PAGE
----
A typical full-mouth set of radiographs consists of 21 images (Box 7-1; see also Fig. 7-1). Establish a regular sequence when making exposures to avoid overlooking individual projections. Make the anterior views before the posterior views because the former views cause less discomfort for the patient. The following description of procedures pertains to the paralleling technique.
The central concept of the paralleling technique (also called the right-angle technique or long-cone technique) is that the x-ray receptor is supported parallel to the long axis of the teeth, and the central ray of the x-ray beam is directed at right angles to the teeth and receptor (Fig. 7-2). This orientation of the receptor, teeth, and central ray minimizes geometric distortion and presents the teeth and supporting bone in their true anatomic relationships. To reduce geometric distortion, the x-ray source should be located relatively distant from the teeth. The use of a long source-to-object distance reduces the apparent size of the focal spot, thus increasing image sharpness, and provides images with minimal magnification. The paralleling method works equally well for film, CCD or CMOS sensors, or storage phosphor plates.
Use instruments to allow precise positions of the receptor in the patient’s mouth. Many of these receptor holders are specific for various brands of digital sensors, storage phosphor plates, or film. It is also important to use a receptor-holding instrument that has an external guiding ring. This guiding ring is used to align the x-ray aiming cylinder and ensures that the receptor is centered in the beam behind the teeth of interest and that the receptor and teeth are perpendicular to the x-ray beam (Fig. 7-3). These should be used with rectangular collimators to reduce patient exposure (see Chapter 3).
For the best images, the receptor should be positioned parallel to the teeth and deep in the patient’s mouth; this is particularly important when rigid sensors are used because they may be larger than film. For maxillary projections, the superior border of the receptor generally rests at the height of the palatal vault in the midline. Similarly, for mandibular projections, the receptor should be used to displace the tongue posteriorly or toward the midline to allow the inferior border of the receptor to rest on the floor of the mouth away from the mucosa on the lingual surface of the mandible. Especially for digital sensors, patient acceptance and comfort are best when the receptor is placed in the center of the mouth.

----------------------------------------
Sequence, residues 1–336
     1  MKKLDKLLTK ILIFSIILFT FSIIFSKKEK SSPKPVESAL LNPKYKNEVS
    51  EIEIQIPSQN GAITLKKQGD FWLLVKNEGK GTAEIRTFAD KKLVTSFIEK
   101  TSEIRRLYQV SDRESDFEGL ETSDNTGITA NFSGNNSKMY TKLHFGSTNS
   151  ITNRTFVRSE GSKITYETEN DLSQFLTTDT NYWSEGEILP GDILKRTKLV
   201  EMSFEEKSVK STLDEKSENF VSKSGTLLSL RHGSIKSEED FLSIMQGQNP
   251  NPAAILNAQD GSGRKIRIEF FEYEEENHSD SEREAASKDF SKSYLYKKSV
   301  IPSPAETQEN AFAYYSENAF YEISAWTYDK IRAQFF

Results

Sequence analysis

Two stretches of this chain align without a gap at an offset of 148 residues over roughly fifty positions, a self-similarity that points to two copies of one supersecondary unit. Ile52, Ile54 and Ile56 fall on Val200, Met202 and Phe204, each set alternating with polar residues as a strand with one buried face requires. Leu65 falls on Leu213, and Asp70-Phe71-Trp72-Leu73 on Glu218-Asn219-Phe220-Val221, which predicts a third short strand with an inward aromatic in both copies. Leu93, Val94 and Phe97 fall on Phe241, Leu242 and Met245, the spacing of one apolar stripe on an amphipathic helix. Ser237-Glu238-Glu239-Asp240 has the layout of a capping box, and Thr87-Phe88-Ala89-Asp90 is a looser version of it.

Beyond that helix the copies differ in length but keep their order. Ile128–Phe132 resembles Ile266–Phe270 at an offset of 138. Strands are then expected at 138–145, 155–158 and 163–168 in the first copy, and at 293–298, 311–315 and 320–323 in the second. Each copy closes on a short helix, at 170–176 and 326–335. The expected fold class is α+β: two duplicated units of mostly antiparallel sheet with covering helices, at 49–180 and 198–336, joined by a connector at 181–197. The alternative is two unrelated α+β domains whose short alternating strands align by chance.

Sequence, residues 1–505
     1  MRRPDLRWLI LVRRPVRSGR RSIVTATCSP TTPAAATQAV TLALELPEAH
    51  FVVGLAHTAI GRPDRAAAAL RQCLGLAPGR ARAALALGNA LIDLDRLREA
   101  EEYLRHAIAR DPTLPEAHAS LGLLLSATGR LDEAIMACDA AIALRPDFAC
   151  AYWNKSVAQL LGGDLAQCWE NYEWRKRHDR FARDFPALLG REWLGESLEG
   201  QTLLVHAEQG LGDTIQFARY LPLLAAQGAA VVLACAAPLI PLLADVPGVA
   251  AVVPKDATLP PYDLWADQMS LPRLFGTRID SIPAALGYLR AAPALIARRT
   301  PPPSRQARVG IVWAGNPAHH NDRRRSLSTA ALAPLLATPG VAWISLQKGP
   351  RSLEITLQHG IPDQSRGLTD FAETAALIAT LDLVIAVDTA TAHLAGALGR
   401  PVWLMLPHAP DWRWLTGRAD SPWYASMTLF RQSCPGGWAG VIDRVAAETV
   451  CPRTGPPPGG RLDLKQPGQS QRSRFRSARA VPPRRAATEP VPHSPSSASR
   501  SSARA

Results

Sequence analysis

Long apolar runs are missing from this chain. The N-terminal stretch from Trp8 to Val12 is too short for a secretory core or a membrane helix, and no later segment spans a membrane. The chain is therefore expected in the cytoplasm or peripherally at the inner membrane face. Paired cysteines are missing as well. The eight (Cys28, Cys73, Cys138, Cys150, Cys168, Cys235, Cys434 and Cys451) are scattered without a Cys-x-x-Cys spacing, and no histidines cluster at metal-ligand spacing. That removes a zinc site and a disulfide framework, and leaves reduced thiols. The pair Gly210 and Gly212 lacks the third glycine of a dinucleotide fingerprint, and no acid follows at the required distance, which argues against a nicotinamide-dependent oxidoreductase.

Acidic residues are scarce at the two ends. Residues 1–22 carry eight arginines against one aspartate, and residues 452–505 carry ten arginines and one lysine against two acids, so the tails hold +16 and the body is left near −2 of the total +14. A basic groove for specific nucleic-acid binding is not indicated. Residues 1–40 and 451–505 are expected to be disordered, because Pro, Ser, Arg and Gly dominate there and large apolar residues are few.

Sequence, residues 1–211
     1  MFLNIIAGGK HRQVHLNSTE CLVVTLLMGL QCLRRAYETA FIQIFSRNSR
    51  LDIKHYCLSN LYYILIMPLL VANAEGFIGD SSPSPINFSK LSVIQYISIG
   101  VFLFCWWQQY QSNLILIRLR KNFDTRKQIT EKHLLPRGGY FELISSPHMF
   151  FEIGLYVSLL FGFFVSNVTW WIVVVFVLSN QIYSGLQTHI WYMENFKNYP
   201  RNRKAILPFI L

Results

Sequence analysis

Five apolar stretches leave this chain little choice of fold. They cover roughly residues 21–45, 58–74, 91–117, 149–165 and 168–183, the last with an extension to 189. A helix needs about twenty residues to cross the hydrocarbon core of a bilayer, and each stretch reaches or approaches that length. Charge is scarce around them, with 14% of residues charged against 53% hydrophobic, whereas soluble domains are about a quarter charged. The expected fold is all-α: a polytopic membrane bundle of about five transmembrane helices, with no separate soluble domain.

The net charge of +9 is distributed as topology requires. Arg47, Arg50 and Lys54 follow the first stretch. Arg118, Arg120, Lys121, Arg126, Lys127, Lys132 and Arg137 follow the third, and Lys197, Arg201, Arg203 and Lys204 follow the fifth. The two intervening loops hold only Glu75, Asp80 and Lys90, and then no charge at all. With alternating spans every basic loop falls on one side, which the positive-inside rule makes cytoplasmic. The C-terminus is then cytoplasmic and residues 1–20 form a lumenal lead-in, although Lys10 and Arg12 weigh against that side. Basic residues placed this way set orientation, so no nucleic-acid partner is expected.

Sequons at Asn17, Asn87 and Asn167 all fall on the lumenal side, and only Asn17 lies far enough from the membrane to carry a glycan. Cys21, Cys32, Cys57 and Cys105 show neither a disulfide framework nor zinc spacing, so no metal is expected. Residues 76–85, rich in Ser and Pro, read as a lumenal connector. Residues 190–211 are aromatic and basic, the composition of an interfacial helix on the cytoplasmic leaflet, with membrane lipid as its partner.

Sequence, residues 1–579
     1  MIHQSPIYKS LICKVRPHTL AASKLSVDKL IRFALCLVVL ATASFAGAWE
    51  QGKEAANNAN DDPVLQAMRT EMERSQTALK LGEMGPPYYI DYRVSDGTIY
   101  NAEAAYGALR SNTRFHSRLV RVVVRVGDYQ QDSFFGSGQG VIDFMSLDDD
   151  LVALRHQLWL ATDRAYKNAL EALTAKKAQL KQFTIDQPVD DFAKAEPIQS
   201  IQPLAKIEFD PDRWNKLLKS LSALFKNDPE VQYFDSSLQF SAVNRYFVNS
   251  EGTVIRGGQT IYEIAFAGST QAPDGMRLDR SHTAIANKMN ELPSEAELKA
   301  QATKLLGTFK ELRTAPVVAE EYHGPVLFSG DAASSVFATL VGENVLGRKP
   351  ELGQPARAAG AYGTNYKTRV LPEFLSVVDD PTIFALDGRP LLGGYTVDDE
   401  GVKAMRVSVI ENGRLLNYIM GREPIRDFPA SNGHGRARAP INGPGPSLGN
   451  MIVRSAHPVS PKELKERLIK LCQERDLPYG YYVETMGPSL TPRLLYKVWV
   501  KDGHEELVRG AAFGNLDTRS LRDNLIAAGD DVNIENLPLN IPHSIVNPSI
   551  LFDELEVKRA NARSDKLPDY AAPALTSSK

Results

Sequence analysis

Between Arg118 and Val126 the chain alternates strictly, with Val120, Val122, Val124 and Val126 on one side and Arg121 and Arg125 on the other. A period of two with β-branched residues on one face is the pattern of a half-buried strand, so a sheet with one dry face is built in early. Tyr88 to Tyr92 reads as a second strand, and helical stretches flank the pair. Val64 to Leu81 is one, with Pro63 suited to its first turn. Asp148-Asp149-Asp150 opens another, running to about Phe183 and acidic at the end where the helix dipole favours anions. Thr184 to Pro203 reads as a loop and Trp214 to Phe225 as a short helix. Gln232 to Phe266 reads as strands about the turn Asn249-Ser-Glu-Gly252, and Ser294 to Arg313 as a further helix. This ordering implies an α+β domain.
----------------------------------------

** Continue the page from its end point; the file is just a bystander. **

Angulation of the Tube Head
Orient the aiming cylinder of the x-ray machine in the vertical and horizontal planes to align with the aiming ring. The horizontal direction of the beam primarily influences the degree of overlapping of the images of the crowns at the interproximal spaces (Fig. 7-4).
The bisecting-angle technique was used often in the first half of the twentieth century but has been largely replaced by the paralleling technique. This method may be useful when the operator is unable to apply the paralleling technique because of large rigid sensors or the anatomy of the patient. The bisecting-angle technique is based on a simple geometric theorem, Cieszynski’s rule of isometry, which states that two triangles are equal when they share one complete side and have two equal angles. Dental radiography applies the theorem as follows. The receptor is positioned as close as possible to the lingual surface of the teeth, resting in the palate or in the floor of the mouth (Fig. 7-5). The plane of the receptor and the long axis of the teeth form an angle with its apex at the point where the receptor is in contact with the teeth along an imaginary line that bisects this angle and directs the central ray of the beam at right angles to this bisector. This forms two triangles with two equal angles and a common side (the imaginary bisector). Consequently, when these conditions are satisfied, the images cast on the receptor theoretically are the same length as the projected object. To reproduce the length of each root of a multirooted tooth accurately, the central beam must be angled differently for each root. Another limitation of this technique is that the alveolar ridge often projects more coronally than its true position, thus distorting the apparent height of the alveolar bone around the teeth.